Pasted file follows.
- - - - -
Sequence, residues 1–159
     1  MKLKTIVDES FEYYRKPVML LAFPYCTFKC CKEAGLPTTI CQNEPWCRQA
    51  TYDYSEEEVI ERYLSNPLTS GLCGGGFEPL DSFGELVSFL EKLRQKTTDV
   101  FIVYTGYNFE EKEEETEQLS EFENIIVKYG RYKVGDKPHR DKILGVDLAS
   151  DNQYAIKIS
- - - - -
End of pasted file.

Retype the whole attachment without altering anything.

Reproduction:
Sequence, residues 1–159
     1  MKLKTIVDES FEYYRKPVML LAFPYCTFKC CKEAGLPTTI CQNEPWCRQA
    51  TYDYSEEEVI ERYLSNPLTS GLCGGGFEPL DSFGELVSFL EKLRQKTTDV
   101  FIVYTGYNFE EKEEETEQLS EFENIIVKYG RYKVGDKPHR DKILGVDLAS
   151  DNQYAIKIS